Saturday, June 28, 2008

On the road again...

By the time anybody reads this post we'll be on the road, again. And for those of you who have never traveled in Brazil that means we'll be traveling anywhere between 30-50 mph, dodging pot-holes the size of tapirs for 2 days straight (tapir was my animal of choice so you'd have to look it up if you don't know what it is! well, that and they are rather large animals which helps give a better idea to the naive Americans who don't know what a real pot-hole looks like. ha! Maybe I'll take a few pictures of the beauties we encounter along the way for future posts).

We were supposed to be on the road today but it is taking much longer to load up our trucks and trailers than anticipated. We're helping my dear sis-n-law, her hubby and baby move to the small town they will be working from these next few years. Our latest plan is to leave early in the morning. We'll see how that goes! I guess you'll know if I don't post again tomorrow:-)

Cristy had this amazing idea to make a playpen out of boxes! It was great. The kiddos played in there for about 2 hours!

As busy as we've been Jonathan always manages to find time to spiff up his green baby. Karis loves to help. Isn't her left butt-cheek so cute hanging out?

Can you tell her bathing suit used to be mine and that the elastic is a bit stretched out? She didn't's always exciting to have a duck on your belly (even if it's supposed to be on your chest).

Friday, June 27, 2008

Ministry Trip Continued...

Before I write a little bit more about this past week I have to let whoever is reading this know that there is this awesome new web-site that is giving great promotions on all kind of fun photo "stuff". It is When you sign up you automatically get one free photo book and 400 photo prints for free! Now I just got an email that if I order some photo books before July 7th I can get up to 10 free with a special discount on shipping! If you are wondering what a photo book is you should check it out. I've been making our family albums on-line for the past few years on (which is another great site but not as cheap as ArtsCow!). For those of you who don't have time to do creative memories but like to be somewhat creative and would like to have your photos preserved in a professionally bound book...well, this is for you (I should get something else for free from ArtsCow for this special bit of advertising, huh?). They have other fun stuff besides photo books too. My sister (who told me about ArtsCow) ordered a watch with a custom photo IN the watch for only $7. You can't beat that! Ok, onto other things....

So Saturday was the first day the clinic was open and it was only open in the afternoon (1-5). I was rather overwhelmed at that point but even more so at the end of Sunday (the clinic was open all day Sunday). There were so many new words I don't even want to know how much time I spent looking in my dictionary or consulting with somebody else who speaks better Portuguese in those first few days. I've been able to get by just fine the past few years but because we speak a lot of English on the base and are around a lot of other English-speaking people there are so many basic words I haven't needed to know in Portuguese (like blood pressure, etc). The girl I was translating for would die if she knew the kinds of things I was saying those first few days just to get by! Here is how a basic conversation would go...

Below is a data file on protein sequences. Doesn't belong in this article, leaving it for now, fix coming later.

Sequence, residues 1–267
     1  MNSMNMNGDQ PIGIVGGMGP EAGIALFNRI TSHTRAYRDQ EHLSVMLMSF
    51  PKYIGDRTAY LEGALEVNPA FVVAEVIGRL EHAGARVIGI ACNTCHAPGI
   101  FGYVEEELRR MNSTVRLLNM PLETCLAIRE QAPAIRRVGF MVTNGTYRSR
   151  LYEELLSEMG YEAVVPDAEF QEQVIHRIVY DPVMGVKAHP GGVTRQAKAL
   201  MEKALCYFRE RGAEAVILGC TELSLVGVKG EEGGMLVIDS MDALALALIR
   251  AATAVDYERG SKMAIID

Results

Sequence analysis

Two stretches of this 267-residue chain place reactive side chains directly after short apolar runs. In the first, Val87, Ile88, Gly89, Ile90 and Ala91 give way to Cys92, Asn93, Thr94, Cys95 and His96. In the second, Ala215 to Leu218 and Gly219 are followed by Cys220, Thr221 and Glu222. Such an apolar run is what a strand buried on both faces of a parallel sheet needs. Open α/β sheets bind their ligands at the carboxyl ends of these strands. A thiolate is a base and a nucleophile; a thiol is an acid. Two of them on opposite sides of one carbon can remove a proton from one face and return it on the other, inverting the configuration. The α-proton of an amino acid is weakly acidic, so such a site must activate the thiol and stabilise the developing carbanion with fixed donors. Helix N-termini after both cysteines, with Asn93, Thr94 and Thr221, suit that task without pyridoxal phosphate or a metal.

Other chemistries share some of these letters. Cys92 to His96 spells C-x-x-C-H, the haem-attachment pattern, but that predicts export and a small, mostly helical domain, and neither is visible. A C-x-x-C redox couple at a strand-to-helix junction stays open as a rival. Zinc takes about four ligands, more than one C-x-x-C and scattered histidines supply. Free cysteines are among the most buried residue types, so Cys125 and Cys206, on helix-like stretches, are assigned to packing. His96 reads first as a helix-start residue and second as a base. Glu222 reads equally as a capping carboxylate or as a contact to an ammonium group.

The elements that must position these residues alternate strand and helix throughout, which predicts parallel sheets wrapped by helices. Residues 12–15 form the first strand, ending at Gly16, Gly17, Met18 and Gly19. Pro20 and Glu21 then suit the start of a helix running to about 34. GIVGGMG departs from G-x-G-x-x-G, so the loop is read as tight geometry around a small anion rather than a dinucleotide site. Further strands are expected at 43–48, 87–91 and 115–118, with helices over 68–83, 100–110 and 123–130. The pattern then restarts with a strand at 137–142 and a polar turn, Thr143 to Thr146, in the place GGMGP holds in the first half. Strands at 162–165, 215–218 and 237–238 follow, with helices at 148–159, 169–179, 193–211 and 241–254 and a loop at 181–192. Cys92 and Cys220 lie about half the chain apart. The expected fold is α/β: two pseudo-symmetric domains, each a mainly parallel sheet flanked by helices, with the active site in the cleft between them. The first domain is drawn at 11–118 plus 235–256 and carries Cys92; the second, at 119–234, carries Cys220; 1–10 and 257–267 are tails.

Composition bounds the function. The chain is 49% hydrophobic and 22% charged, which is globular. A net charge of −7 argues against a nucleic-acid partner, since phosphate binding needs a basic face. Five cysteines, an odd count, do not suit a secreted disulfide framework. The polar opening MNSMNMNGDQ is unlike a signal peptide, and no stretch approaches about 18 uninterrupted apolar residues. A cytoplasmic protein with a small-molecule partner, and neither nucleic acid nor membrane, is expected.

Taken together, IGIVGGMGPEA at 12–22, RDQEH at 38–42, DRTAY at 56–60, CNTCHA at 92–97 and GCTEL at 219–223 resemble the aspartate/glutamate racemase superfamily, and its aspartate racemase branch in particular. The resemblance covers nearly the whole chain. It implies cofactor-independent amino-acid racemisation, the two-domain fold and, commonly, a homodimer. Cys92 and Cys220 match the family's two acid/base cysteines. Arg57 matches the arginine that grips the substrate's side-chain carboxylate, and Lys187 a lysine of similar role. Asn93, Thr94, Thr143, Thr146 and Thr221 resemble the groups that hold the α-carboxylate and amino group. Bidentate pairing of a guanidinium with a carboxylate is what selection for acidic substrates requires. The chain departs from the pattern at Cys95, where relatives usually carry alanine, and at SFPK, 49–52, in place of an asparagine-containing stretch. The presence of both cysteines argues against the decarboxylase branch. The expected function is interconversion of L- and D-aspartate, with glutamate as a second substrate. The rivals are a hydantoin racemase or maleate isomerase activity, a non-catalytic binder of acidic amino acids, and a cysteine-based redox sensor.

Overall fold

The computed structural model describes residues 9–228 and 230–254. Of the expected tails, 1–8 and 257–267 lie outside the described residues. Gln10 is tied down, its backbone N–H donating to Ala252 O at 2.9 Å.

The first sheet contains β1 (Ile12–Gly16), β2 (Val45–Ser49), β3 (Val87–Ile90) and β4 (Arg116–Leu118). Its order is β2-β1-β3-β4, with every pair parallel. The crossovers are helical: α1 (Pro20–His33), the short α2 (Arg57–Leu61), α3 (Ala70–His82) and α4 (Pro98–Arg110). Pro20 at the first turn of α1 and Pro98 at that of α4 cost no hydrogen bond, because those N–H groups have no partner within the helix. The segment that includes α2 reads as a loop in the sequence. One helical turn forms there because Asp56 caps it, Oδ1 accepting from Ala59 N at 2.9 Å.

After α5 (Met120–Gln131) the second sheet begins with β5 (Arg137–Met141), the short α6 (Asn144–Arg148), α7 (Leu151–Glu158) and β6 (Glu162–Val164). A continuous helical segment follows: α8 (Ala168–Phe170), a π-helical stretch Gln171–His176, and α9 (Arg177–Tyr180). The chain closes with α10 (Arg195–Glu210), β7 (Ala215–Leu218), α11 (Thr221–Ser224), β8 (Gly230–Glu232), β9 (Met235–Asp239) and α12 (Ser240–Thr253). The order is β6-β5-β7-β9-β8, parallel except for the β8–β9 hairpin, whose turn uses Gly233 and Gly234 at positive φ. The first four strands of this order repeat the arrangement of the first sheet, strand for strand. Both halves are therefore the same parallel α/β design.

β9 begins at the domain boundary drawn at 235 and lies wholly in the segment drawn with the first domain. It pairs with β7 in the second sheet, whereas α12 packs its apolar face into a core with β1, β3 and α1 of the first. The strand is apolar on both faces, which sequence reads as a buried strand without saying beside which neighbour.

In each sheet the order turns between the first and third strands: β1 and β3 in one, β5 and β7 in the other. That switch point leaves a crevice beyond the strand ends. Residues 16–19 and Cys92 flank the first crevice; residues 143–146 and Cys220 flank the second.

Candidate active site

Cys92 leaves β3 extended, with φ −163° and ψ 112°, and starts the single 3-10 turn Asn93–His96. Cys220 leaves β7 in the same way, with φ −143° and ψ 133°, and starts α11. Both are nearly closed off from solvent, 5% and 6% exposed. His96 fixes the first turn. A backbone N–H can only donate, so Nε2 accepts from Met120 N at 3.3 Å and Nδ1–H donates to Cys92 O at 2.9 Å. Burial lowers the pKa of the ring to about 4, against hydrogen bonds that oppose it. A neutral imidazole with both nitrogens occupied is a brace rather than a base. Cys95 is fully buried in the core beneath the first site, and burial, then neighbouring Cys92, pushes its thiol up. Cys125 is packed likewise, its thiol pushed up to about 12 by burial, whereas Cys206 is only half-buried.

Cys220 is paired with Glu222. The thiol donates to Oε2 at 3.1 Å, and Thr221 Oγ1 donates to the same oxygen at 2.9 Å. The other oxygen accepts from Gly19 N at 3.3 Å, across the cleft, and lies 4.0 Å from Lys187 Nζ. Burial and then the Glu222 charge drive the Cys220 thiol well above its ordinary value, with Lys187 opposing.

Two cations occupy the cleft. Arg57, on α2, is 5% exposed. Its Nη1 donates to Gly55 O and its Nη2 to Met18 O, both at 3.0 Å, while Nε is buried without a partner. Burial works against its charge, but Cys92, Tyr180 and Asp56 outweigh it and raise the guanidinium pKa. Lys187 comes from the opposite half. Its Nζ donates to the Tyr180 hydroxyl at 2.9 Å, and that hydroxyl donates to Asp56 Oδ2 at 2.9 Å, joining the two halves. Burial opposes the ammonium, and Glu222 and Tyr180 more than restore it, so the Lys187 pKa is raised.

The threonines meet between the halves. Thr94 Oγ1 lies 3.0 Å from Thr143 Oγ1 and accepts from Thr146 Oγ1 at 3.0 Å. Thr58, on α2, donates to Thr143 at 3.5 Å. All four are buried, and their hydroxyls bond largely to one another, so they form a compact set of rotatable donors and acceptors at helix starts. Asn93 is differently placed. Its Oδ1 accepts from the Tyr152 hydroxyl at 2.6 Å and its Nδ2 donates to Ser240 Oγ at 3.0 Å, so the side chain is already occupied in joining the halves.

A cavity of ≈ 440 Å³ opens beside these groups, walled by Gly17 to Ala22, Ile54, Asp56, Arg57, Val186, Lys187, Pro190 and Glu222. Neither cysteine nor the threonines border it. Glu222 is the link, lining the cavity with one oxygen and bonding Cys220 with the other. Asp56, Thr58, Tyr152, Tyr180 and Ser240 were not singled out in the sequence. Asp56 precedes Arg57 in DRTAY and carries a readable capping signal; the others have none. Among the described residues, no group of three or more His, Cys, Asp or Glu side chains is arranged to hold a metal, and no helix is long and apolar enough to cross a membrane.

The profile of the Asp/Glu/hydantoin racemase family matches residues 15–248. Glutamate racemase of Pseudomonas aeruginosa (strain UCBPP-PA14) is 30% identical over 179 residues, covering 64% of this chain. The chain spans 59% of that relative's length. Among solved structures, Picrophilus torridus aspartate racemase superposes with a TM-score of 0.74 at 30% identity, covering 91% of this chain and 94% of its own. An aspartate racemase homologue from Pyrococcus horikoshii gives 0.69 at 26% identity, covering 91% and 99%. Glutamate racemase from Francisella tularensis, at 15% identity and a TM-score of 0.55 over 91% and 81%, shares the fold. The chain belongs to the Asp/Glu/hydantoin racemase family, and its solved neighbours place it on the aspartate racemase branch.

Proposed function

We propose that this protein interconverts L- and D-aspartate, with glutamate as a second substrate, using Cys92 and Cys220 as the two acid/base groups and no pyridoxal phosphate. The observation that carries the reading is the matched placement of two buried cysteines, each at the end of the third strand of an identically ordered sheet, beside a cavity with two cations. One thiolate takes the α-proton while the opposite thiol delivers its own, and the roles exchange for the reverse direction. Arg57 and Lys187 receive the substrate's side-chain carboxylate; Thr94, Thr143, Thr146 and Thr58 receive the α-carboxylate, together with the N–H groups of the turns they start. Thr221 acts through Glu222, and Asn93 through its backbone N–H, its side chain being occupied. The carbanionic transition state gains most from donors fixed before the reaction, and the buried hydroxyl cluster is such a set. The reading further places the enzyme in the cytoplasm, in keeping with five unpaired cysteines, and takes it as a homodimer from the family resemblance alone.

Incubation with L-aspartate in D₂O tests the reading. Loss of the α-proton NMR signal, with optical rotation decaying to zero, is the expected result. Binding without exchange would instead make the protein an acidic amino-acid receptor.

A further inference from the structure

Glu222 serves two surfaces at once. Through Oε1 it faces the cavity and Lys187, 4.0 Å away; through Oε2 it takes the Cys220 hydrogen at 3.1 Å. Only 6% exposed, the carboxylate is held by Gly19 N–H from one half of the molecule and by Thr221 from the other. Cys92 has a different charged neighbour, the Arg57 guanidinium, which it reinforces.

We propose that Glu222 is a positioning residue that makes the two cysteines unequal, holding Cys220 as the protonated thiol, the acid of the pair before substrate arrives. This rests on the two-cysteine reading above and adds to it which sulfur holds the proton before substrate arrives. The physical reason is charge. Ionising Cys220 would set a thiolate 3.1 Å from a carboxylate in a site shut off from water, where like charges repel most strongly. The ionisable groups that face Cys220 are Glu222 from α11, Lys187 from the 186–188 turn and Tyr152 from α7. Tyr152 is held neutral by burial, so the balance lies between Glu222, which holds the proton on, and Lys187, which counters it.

Me: Good morning! You can sit down right here.
Dr: Ask him which issue is causing him the most problems.
Me: Which of your many problems is the worst?
Patient: Chest pain.
Me: Can you explain what kind of chest pain?
Patient: Chest know, it hurts, right here.
Dr: Ask him if it's a sharp stabbing pain, a pricking pain or a dull/sore pain.
Me: Does it feel like the pain you get when you're bit by a bug? Or does it feel like someone is standing on your chest, like it's really tight? Or does it just hurt a little bit throughout the day?"

And so it would go...if it seemed like I really wasn't getting the main idea and also seemed important that I get the main idea I would go consult with someone who could help. But thankfully by the time Monday rolled around I had learned a majority of the words I needed to know, or at least had them written down so that I could cheat a little bit!

There were some specific patients who just tugged at my heart. With so many issues yet had no choice but to continue working long/hard really got to me. In our culture most of those who are overworked are overworked by choice, driven by the desire to live a better life materialistically or just driven to make a name for themselves (not all the time, but for the most part). It was so humbling to come into contact with people who live in pain day in and day out yet for the sake of surviving only, they continue on. I was convicted how I've let my life of ease and comfort affect decisions I've made and how I've spent my time. I've been on missions trips before and I've seen the poor (I've seen those who are even poorer than these folks) yet when you talk to them everyday about all of their struggles...well, I think I got much more of a glimpse into their lives. And still I know that I don't really understand what life is like for them. I can't understand, until I live among them on a day-to-day basis. Perhaps the Lord has that for us in the future...maybe this was just a stepping stone for something else. Either way, I do think my life has been changed forever in some respects. I found that before I went on this trip I was thinking a lot about the house we might live in when we move, how big it might or might not be and other things along those lines. By the end of the week I was rather convicted to be consumed with so many earthly/material thoughts.